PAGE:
Given that only a handful of players have been suspended for on-field conduct during the tenure of Commissioner Roger Goodell, not much attention has been paid to the league’s procedures for such situations.
The Ndamukong Suh case will change that, and the situation demonstrates very real differences between the process for appealing suspensions for on-field actions and suspensions for violation of the league’s steroids, substance abuse, and personal conduct policies.
For example, the league is willing to expedite the appeal of Suh’s suspension, which presumably applies to all other suspensions for on-field behavior. For off-field infractions, the appeal process often takes months. That’s good for the players, to the extent that the players want to get the situation resolved sooner rather than later.
But here’s where it’s not so good for the players. NFL spokesman Greg Aiello tells PFT that, while his appeal is pending, Suh can’t practice with the team.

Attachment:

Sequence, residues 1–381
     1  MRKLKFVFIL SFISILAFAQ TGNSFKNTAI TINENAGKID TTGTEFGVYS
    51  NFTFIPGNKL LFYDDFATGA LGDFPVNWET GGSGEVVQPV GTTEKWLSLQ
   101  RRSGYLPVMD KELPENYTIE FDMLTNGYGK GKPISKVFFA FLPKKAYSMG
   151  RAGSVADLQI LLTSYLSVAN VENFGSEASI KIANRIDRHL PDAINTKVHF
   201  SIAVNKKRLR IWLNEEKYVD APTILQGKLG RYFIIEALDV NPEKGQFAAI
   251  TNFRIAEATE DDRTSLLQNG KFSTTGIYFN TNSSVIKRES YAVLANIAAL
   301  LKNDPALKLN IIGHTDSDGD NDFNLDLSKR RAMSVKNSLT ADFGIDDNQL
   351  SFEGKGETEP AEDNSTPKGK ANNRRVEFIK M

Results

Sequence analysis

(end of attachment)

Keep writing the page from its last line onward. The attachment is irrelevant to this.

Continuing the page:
That’s the opposite of the protocol that applies when players appeal suspensions for steroids, drugs, or personal conduct. Under those policies, the player remains eligible to practice and play until the appeal is resolved.
And it’s objectively unfair to keep the player away from his team pending the outcome of the appeal. What if Art Shell decides on Friday afternoon that Suh shouldn’t be suspended at all? Suh will be less prepared for Sunday night’s game against the Saints than he otherwise would have been, because Suh will be banned from practice.
It’s a loophole that needs to be addressed, and that arguably should have been addressed within the context of the new CBA.